“We certainly could have charged her with the forgery charge,” Brown said via phone on Wednesday. “The decision not to file that was part of the plea offer, and it is common to allow defendants to plead to some charges and not others as part of the agreement. It was my belief that there was sufficient punishment range with the theft charge to adequately punish Ms. McKinney.”

Brown said his office often questions defendants on the record at the time of their guilty plea to make a record of them describing the conduct in their own words to use in case a defendant later attempts to challenge the guilty plea.

“This is not done every time, but frequently,” Brown said. “When we have a defendant, like Ms. McKinney, that we have little concern that she will later challenge her guilty plea, we may not ask those questions. Those types of questions are also requested at times by the judge, so that he can be familiar with the facts of the case. In this case, the judge did not request a recitation of the facts from the defendant.”

The emails between Brown and McKinney’s attorney show Smith was trying to keep the plea out of the public eye. He wanted it entered on a day when the court would not be hearing any other matters and asked that Brown not advise the media. Brown said his office doesn’t normally advise the media of guilty pleas but he wasn’t going to do anything that would make it look like he was trying to hide anything. Brown also told Smith he planned to issue a news release immediately after the plea was completed.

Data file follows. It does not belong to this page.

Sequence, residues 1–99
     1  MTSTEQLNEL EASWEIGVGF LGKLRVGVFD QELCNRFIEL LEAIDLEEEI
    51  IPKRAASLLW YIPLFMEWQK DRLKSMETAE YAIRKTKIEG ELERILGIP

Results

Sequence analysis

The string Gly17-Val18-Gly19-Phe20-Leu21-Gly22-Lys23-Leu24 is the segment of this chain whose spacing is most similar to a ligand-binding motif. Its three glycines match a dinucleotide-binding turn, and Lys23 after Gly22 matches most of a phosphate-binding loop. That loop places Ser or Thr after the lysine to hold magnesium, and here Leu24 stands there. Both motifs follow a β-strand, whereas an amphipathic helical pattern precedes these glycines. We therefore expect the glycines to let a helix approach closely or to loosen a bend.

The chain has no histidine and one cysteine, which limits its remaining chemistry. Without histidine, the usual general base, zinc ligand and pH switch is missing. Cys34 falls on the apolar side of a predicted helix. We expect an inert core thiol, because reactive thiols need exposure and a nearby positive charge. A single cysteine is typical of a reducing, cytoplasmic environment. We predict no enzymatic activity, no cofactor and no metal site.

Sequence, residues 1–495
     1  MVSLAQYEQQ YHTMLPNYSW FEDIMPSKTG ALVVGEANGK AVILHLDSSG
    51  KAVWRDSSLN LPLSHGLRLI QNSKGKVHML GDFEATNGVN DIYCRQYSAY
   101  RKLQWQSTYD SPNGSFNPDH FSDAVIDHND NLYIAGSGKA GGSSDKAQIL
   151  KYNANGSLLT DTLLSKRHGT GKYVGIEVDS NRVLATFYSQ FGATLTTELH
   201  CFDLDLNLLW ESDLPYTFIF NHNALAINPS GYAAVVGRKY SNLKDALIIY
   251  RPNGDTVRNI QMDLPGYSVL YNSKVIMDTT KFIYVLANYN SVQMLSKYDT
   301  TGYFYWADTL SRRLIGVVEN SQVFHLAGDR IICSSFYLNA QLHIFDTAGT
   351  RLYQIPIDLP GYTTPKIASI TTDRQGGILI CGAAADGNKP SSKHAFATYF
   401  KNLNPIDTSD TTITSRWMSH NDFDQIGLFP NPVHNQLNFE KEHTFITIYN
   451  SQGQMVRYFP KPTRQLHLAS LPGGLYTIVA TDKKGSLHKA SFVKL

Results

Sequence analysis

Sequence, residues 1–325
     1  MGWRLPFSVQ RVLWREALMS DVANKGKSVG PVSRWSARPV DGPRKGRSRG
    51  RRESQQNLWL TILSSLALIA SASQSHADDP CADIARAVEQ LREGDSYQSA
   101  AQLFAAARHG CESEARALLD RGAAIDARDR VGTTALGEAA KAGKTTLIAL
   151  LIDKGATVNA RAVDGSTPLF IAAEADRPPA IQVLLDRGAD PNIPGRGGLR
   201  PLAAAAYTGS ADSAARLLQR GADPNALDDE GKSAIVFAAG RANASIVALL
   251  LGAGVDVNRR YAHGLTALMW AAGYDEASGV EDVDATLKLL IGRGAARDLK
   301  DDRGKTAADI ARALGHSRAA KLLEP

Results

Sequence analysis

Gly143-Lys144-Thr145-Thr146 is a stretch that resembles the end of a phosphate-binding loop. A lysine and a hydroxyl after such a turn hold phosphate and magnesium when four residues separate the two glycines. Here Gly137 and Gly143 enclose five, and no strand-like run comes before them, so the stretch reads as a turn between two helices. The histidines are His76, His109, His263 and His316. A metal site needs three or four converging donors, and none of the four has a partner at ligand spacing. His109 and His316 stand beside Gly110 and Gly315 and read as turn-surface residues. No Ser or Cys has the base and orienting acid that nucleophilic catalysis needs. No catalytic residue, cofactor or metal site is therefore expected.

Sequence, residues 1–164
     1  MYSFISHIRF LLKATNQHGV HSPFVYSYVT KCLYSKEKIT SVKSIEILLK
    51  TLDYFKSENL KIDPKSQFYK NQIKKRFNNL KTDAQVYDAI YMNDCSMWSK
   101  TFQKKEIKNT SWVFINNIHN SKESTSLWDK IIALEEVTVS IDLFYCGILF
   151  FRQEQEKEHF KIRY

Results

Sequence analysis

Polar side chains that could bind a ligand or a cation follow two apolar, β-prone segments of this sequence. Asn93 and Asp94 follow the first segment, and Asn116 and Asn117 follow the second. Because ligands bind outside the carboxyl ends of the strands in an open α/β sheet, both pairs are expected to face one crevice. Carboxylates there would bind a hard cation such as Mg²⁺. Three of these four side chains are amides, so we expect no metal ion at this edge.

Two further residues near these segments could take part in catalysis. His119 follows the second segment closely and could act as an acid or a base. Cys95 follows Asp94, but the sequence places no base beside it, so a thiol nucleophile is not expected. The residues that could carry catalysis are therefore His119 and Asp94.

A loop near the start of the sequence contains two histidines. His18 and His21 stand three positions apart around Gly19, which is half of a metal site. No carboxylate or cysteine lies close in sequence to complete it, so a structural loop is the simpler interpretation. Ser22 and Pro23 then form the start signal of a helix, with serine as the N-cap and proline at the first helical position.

“The accommodations Ms. McKinney received were based on the particular facts of her case,” Brown said via email. “In every case, we look at the acts of the crime, the level of harm caused, the wishes of any victim, the history of the defendant, and any mitigating or aggravating factors. What she did was certainly criminal, certainly a felony, and she deserved to be punished — which she was, and continues to be. However, there were mitigating factors. She was 68 years old, with no criminal record, was very cooperative, paid back everything she stole plus some, and had a record of very good service to the community.”

Smith did not return a phone message left Wednesday afternoon.

How it all unfolded over the past nine months

In late November, the Herald Democrat submitted requests for public information related to McKinney’s personnel files, information related to her departure, and any previous investigations or disciplinary action against McKinney during her time with the Denison Chamber.